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              • icon
                Federico (profile), 19 Apr 2020 @ 6:21am

                Re: Copyright lawsuits against the wish of authors

                Easy: Elsevier vs. Sci-Hub.
                https://www.nature.com/news/us-court-grants-elsevier-millions-in-damages-from-sci-hub-1.221 96

                In the trial, Elsevier didn't even have to prove it had copyright. Authors of the works involved objected to the lawsuits and sided with Sci-Hub.

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                • icon
                  Zane (profile), 19 Apr 2020 @ 9:02am

                  Re: Re: Copyright lawsuits against the wish of authors

                  Nope, when authors submitted their articles they agreed to transfer the copyright. So Elsevier owned the copyright. Obviously there were so many articles that they couldn't assess all of them, they used a representative sample of 100 infringed works. Btw, I'm totally in favour of going down the open access route, or at least having an embargo to allow free access at a later date.

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                  • icon
                    Federico (profile), 21 Apr 2020 @ 7:17am

                    Re: Re: Re: Copyright lawsuits against the wish of authors

                    Can you prove that? Because Elsevier didn't.

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                    • icon
                      Zane (profile), 26 Apr 2020 @ 1:07am

                      Re: Re: Re: Re: Copyright lawsuits against the wish of authors

                      Yes authors have to sign a form to transfer the rights. Even the link you have states that they Elsevier own the copyright.
                      "The Dutch publishing giant holds the copyrights for the largest share of the roughly 28 million papers downloaded from Sci-Hub over 6 months in 2016".
                      Only a sample of 100 was used, and it is legally impossible to sue for copyright infringement if you are not the copyright holder. As for authors complaining, well that's fine - but if they have transferred the copyright to Elsevier than that is their fault. I would always encourage authors to make their research open access, or at least have an embargo

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  • icon
    Federico (profile), 18 Apr 2020 @ 2:13pm

    New York Times doubles down

    You cannot make this up:

    Intellectual property theft has always been a problem, but it has never affected as many people as it does today. If you’ve taken a photo, recorded a song or written a letter, you’ve likely created a copyright.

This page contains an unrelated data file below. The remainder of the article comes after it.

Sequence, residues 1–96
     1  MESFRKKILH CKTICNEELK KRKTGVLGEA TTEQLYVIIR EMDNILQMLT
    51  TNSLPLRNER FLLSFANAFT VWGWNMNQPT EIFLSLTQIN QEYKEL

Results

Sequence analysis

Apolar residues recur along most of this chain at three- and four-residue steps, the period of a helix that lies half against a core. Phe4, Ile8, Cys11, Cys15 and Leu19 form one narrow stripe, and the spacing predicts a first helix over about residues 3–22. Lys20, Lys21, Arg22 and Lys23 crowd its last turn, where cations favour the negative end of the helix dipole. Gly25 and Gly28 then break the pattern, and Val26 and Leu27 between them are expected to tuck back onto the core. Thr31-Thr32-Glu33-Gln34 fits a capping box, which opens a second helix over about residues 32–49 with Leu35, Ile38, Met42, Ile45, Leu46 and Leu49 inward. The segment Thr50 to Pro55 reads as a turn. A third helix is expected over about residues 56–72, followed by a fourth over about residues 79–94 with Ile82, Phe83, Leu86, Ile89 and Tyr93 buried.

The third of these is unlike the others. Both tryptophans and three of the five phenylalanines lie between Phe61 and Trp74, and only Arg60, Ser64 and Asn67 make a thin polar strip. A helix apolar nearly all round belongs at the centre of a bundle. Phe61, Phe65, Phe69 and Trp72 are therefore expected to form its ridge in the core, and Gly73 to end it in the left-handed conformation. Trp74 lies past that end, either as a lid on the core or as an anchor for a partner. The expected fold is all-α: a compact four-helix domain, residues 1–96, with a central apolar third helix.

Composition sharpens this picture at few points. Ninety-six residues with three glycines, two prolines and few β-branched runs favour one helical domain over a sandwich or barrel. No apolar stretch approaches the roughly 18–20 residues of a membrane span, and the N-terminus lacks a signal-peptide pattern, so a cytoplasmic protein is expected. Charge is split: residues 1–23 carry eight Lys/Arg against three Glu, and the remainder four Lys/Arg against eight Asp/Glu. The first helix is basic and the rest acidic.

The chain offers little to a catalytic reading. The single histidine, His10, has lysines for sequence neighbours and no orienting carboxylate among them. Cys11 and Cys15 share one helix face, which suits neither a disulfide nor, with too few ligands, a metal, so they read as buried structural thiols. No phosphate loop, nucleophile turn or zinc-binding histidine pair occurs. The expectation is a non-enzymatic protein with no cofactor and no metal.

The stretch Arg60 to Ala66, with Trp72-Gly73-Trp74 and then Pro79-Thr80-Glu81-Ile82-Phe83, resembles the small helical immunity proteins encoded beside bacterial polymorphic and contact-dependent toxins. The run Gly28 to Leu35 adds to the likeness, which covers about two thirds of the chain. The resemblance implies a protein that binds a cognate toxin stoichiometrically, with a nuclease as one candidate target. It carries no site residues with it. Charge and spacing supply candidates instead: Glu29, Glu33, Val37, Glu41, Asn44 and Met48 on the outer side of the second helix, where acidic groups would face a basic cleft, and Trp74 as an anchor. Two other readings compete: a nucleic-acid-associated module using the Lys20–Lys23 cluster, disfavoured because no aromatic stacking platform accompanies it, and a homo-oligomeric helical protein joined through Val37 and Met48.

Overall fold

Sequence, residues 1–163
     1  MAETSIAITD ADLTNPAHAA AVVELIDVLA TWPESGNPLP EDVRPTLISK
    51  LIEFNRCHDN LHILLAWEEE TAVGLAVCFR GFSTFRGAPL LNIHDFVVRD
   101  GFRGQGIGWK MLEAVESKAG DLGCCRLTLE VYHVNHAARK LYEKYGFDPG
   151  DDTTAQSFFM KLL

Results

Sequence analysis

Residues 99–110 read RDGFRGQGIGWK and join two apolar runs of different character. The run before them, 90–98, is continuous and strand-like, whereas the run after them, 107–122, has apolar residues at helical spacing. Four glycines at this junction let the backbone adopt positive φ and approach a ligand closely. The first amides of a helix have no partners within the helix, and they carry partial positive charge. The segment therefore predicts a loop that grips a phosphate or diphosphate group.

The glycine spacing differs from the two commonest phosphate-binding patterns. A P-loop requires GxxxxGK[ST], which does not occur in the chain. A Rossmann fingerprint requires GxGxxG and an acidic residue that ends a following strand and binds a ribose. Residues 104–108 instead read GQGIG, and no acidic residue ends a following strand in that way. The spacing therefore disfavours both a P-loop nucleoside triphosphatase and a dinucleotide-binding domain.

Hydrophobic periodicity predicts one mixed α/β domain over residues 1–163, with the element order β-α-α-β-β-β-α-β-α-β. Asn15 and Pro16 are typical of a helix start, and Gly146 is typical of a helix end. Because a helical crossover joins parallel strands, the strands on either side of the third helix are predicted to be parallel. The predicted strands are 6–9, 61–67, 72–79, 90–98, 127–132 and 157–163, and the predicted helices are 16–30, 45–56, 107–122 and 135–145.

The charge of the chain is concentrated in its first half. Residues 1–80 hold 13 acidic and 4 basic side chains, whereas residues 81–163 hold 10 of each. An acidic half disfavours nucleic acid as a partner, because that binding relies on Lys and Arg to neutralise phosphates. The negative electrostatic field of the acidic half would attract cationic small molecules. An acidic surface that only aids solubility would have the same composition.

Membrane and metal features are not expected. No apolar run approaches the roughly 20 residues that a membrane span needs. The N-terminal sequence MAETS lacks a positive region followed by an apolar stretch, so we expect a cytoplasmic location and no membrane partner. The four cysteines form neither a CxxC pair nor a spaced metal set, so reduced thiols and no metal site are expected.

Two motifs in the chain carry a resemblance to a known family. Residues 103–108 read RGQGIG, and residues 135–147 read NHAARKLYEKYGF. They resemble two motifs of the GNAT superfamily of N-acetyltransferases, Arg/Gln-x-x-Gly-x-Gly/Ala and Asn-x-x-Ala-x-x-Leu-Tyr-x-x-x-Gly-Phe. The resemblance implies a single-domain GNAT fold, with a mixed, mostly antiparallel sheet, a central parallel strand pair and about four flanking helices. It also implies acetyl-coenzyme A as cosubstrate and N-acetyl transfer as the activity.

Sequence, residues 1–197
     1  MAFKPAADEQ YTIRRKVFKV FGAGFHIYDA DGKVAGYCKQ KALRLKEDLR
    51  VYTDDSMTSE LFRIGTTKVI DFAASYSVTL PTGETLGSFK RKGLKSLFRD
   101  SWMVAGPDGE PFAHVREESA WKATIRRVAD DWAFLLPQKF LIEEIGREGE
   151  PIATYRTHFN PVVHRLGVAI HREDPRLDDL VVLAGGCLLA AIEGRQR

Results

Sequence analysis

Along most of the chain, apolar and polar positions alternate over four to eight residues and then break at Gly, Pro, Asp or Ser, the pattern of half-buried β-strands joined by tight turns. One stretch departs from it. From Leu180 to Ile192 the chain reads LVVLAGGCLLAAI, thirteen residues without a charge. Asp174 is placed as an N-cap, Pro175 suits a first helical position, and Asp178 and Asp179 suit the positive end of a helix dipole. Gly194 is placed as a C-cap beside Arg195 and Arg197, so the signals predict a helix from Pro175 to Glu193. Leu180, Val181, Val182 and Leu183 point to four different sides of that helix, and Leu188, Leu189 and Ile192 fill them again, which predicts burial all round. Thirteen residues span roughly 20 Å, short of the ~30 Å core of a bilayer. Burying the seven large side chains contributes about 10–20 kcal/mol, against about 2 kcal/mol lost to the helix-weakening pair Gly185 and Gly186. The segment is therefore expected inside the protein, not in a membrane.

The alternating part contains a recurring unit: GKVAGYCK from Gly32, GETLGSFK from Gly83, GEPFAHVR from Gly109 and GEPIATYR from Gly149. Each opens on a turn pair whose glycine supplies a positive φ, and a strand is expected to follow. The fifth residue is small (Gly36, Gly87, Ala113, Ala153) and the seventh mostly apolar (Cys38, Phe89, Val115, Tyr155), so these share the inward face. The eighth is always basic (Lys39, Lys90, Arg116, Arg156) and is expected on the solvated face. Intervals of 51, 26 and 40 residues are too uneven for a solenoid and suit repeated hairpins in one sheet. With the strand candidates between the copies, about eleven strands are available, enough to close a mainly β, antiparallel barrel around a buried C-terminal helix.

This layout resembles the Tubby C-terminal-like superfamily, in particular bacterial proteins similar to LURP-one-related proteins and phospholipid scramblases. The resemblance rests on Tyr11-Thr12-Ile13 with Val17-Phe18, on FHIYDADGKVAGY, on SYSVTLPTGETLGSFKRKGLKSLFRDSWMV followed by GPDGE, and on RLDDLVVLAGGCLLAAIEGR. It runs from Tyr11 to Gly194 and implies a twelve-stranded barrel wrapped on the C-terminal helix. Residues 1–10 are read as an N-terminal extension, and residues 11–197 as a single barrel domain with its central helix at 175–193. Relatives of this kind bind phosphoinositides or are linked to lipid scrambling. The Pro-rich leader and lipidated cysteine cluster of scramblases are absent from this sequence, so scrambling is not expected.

https://www.nytimes.com/article/copyrights-trademarks-patents.html

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  • icon
    Zane (profile), 18 Apr 2020 @ 11:23pm

    Why Is The Copyright Office Celebrating That All Our Cute Pet Photos Are Locked Up Under Copyright?

    They're only locked if you the creator wants them locked up. If you're happy for someone to use your picture of fluffy for absolutely anything, then you need to absolutely nothing, nada, zilch. So only locked up if you want it to be locked up. Personally l like the fact that if somone puts my white cat Fluffy as the main image on a White Power site, I can assert my right to ask them to stop using it using my rights under copyright. Sounds good to me! But if I don't care I do not have to assert that right.

    Now, who the hell takes 10,000 photos of their pet because of the copyright granted on those pictures? 

    I think that's the wrong question. I guess I would ask who the hell expects a picture of their cat to be used by anyone for any reason. Why should a publisher be using a photo of Fluffy and making profit in his cat book, instead of just taking his own photos or paying to use the photo. If you own the copyright and don't care, then you don't have to do anything about it. But maybe you dislike this particular paper or website. Maybe you think they earn enough profit, and they should be paying photographers for the content they use.

    Most of us don't need the 10k photos of our pets locked up under copyright for the rest of our lives, plus an additional 70 years.

    Most of us don't need to use other people's pet photos either. There are plenty of sites with copyright free Images, and there are plenty of pets and cameras, meaning we can create our own content. Again, we don't need to assert our copyright rights, it's just their if we want to. It's there if we decide there is a "need". The "need" can be defined after creation.

    the idea that you're happy and excited and bragging over the fact that it covers the kind of artwork that needs no such incentive, is not intended for economic purposes, seems pretty messed up and really raises questions about the Copyright Office's understanding of the underpinnings of copyright law in the first place

    Even if the work wasn't created for economic purposes, it doesn't mean others won't use it for economic purposes. That's sort of the whole point. But again it's only the copyright holder who can take action anyway, and in most cases they don't want to.